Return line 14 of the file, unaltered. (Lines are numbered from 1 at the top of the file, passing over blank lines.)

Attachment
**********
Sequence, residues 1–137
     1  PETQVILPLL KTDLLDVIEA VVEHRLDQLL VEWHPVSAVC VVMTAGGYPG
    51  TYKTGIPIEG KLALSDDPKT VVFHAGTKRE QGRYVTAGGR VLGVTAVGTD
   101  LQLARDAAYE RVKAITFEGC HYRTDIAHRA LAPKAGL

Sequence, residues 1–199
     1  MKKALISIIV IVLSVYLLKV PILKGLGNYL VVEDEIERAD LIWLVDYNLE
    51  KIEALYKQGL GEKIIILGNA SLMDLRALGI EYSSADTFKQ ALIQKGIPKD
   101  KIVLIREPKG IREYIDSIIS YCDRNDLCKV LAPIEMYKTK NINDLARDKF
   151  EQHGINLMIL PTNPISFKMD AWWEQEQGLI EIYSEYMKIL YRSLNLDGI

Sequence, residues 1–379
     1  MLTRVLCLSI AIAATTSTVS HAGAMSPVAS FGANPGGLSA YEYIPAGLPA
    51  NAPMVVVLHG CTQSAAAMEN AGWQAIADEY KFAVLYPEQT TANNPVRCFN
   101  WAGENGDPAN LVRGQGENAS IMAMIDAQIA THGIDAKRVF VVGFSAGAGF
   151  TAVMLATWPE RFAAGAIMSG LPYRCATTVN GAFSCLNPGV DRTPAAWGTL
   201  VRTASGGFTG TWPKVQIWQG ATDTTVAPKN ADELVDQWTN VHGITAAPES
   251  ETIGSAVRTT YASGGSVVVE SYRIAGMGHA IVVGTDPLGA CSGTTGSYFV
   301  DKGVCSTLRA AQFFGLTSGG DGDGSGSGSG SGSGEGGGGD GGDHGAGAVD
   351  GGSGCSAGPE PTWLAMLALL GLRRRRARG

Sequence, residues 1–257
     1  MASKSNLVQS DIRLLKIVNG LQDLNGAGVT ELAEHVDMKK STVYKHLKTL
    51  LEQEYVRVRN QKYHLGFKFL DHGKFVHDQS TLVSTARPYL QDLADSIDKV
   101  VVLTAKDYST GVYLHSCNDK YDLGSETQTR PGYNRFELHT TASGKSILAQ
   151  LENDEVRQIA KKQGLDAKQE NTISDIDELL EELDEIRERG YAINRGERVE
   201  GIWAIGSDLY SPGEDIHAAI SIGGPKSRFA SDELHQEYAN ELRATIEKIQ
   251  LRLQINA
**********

   151  TAVMLATWPE RFAAGAIMSG LPYRCATTVN GAFSCLNPGV DRTPAAWGTL